Rotational Moulding Specialists

Tooling & Moulds

There are three main tooling routes available during the development of a new rotationally moulded product. All three have their own advantages and it's important that the type of tooling required is considered early on in the project. We've developed good relationships with a number of toolmakers and will manage the whole tooling process for you.

Sheet Steel Tooling

Sheet steel tooling is typically suited to products of relatively simple form and limited intricate detail. The cost is lower than other tooling options. Sheet steel tools are usually formed using either traditional metalworking techniques or laser cutting and CNC forming equipment, before being fabricated. The ability to apply surface textures is limited but options are available. High polished finishes can be achieved. Examples of products that are often produced using sheet steel tools are tanks, water butts and planters.

Cast Aluminium Tooling

Cast tools require a pattern to be produced in the shape of the finished product before impressions are created to replicate the required tooling detail. The impressions are then used as patterns in the casting process. The cast tooling process involves a number of stages and this provides the opportunity to view patterns before committing to finished tools. When patterns are developed a shrinkage rate is introduced to ensure that the finished product is moulded to the correct size. The ability to produce multiple tools from a single pattern is an advantage for products where high production volumes are required or predicted.

There are options for applying surface finishes of many kinds to cast tooling. Tooling costs are higher than sheet steel but the ability to produce complex forms with attractive surfaces makes cast tooling a good option for products that are seen and interacted with. Examples of products produced from cast tools range from furniture to street recycling units.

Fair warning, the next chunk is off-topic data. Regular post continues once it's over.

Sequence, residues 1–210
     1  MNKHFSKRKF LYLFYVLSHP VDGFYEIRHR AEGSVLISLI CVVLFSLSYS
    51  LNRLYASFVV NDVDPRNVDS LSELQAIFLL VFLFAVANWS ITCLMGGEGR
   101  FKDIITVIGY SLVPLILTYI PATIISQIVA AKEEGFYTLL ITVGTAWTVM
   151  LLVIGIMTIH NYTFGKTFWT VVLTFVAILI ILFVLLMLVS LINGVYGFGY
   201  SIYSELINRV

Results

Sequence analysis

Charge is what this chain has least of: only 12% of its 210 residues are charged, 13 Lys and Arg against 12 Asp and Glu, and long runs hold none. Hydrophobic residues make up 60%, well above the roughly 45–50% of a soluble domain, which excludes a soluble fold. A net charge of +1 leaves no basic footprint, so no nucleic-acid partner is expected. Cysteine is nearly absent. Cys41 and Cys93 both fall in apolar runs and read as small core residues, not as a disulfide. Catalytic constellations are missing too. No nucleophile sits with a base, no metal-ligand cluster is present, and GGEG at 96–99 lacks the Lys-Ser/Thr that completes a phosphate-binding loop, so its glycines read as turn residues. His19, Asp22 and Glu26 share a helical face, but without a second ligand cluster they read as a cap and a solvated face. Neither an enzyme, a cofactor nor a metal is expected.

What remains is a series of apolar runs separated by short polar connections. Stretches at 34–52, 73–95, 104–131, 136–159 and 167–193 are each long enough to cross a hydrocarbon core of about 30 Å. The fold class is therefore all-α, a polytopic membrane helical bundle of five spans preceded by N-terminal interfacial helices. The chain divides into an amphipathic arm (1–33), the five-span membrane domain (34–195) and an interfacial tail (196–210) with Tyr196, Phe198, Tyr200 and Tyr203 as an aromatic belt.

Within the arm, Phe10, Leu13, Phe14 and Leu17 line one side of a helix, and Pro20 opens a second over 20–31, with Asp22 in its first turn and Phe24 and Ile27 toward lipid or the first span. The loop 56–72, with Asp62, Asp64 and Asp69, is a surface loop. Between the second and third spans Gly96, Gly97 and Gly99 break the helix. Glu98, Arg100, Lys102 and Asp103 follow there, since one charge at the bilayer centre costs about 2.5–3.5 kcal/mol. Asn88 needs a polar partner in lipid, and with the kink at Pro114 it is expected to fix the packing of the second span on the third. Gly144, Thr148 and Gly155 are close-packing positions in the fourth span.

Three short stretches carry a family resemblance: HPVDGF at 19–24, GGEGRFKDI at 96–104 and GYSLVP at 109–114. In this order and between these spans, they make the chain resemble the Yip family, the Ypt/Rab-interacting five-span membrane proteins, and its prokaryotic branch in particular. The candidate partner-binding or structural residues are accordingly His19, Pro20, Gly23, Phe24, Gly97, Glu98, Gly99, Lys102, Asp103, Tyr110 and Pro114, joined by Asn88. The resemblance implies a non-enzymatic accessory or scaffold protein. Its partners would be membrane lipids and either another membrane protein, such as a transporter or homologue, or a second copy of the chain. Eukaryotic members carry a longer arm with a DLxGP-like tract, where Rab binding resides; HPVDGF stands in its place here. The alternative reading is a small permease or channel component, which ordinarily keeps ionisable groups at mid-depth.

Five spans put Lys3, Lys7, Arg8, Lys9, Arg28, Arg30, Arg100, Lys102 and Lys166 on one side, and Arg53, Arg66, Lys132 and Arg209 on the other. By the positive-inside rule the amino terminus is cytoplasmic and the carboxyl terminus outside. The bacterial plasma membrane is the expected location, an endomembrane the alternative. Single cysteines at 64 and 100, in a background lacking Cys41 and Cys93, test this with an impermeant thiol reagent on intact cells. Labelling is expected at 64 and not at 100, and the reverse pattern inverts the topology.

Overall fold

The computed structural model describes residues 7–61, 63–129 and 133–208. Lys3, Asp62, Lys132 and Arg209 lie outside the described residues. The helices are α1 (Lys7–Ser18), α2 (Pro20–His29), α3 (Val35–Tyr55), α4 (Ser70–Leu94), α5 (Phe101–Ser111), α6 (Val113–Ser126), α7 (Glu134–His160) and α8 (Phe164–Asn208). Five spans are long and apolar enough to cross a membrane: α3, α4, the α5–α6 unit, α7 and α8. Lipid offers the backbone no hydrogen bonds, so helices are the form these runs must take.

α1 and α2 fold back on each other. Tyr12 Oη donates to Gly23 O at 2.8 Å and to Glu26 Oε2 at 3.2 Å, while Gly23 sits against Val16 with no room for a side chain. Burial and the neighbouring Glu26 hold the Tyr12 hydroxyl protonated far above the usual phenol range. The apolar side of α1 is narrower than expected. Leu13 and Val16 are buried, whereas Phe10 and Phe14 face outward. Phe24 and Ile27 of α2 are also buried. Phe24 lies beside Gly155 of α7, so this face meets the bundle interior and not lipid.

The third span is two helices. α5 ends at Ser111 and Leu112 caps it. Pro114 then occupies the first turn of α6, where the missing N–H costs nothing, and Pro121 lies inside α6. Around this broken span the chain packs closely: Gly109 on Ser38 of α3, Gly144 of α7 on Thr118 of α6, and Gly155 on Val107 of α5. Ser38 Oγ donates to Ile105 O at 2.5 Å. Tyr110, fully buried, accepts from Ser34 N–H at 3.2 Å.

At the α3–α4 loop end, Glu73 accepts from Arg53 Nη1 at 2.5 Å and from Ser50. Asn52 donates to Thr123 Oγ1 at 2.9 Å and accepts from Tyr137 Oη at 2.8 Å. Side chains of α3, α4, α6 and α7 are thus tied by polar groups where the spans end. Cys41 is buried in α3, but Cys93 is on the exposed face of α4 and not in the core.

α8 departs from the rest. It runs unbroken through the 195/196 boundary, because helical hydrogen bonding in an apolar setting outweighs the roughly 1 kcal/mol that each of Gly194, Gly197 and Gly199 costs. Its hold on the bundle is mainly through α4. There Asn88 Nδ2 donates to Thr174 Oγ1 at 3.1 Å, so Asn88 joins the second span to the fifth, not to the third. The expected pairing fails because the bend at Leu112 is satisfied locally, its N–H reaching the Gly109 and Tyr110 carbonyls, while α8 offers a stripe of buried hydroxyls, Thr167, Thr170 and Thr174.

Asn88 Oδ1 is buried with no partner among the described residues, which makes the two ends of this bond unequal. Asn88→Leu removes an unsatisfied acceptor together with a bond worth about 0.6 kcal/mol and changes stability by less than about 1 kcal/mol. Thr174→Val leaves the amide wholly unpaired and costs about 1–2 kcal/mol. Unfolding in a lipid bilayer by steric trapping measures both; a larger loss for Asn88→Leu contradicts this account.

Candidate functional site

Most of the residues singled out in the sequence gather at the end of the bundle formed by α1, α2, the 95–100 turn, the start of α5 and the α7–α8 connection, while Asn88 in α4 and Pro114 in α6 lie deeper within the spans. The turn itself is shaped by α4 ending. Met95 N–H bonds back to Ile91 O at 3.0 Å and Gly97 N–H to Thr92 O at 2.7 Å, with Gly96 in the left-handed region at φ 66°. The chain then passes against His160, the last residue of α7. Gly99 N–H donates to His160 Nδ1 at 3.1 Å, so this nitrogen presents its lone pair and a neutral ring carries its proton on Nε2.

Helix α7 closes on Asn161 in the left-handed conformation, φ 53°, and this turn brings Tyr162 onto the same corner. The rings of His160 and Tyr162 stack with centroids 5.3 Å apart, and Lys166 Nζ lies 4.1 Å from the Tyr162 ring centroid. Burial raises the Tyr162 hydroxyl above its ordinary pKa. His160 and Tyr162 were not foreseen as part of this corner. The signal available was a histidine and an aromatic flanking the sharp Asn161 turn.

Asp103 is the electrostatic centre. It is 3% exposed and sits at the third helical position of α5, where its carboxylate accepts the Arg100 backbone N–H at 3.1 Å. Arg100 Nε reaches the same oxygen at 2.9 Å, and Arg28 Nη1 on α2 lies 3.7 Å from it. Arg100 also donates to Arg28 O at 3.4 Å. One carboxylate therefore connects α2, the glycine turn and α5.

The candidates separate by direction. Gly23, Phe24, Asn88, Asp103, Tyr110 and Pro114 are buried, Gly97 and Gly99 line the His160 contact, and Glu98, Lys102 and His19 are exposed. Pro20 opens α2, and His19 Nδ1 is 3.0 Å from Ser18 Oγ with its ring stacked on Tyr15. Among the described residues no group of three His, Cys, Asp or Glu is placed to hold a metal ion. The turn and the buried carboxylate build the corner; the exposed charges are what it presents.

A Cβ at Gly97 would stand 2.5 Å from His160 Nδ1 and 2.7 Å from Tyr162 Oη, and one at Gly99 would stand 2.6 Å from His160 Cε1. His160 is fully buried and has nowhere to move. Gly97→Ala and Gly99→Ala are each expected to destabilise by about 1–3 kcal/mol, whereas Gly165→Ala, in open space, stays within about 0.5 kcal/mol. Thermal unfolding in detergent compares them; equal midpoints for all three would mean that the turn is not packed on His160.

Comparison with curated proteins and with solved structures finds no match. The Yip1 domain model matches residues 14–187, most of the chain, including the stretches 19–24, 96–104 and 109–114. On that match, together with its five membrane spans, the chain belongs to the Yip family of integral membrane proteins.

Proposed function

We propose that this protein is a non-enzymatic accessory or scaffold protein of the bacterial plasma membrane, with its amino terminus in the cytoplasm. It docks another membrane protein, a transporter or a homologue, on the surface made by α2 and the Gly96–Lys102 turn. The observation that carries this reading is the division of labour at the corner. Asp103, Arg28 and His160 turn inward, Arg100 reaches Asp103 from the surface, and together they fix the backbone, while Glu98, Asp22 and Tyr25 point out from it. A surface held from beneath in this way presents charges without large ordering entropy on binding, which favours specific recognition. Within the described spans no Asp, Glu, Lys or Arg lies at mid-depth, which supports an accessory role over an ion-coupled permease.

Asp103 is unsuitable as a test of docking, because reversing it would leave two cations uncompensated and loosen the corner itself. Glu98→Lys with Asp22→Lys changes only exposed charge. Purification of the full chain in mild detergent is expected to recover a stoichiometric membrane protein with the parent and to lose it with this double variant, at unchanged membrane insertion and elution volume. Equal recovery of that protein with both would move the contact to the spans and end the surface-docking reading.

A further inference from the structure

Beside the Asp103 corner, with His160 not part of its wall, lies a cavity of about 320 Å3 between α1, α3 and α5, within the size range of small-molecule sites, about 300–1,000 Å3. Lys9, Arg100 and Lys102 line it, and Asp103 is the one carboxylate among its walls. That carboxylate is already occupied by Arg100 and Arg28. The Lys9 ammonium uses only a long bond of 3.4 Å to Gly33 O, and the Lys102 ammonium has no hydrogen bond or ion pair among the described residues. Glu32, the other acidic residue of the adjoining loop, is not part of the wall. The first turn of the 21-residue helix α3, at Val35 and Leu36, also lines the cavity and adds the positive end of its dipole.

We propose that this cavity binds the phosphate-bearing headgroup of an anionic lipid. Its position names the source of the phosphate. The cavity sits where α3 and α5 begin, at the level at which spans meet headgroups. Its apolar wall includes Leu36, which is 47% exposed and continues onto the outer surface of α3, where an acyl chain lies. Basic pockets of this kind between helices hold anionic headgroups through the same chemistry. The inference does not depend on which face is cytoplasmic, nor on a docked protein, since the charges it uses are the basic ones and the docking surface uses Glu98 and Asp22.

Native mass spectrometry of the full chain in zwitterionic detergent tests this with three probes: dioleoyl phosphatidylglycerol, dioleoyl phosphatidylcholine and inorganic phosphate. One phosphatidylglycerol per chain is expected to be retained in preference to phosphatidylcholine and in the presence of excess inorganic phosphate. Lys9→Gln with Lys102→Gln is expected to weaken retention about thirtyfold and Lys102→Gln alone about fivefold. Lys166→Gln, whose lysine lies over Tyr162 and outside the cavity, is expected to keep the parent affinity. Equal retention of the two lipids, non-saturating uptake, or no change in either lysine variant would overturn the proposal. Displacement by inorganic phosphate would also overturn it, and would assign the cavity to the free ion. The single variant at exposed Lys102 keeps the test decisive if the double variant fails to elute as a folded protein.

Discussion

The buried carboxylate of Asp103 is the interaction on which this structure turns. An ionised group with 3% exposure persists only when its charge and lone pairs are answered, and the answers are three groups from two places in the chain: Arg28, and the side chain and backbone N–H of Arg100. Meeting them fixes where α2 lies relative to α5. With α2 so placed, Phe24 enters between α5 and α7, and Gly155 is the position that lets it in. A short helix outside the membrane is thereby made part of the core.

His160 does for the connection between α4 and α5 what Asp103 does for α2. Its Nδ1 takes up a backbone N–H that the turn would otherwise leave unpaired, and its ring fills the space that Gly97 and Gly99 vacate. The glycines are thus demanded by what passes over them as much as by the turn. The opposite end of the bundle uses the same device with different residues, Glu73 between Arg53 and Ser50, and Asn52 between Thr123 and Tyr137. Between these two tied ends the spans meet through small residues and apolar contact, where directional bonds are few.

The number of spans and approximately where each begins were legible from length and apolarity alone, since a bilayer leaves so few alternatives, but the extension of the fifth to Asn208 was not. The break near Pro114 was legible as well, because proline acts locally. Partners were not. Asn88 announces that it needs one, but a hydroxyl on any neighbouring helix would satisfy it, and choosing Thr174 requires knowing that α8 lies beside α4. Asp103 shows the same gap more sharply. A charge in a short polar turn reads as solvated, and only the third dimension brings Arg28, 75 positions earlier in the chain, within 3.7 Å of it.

CNC Machined Tooling

CNC machined tools are machined from blocks of aluminium. They can be created using CAD data and do not require patterns to be produced. They are ideally suited to products where high accuracy is paramount. This might be because the product is part of an assembly and has to fit components manufactured using other processes. The surface finish and joint lines are superior to those achievable using other tooling methods. CNC machined tools are the most expensive, however, the complexity of form and detail that can be achieved is high. The ability to produce tools very quickly is also appealing when product development timescales are tight.

For further information or for advice on the most appropriate tooling route for your product, call us on 01909 472 210 or email: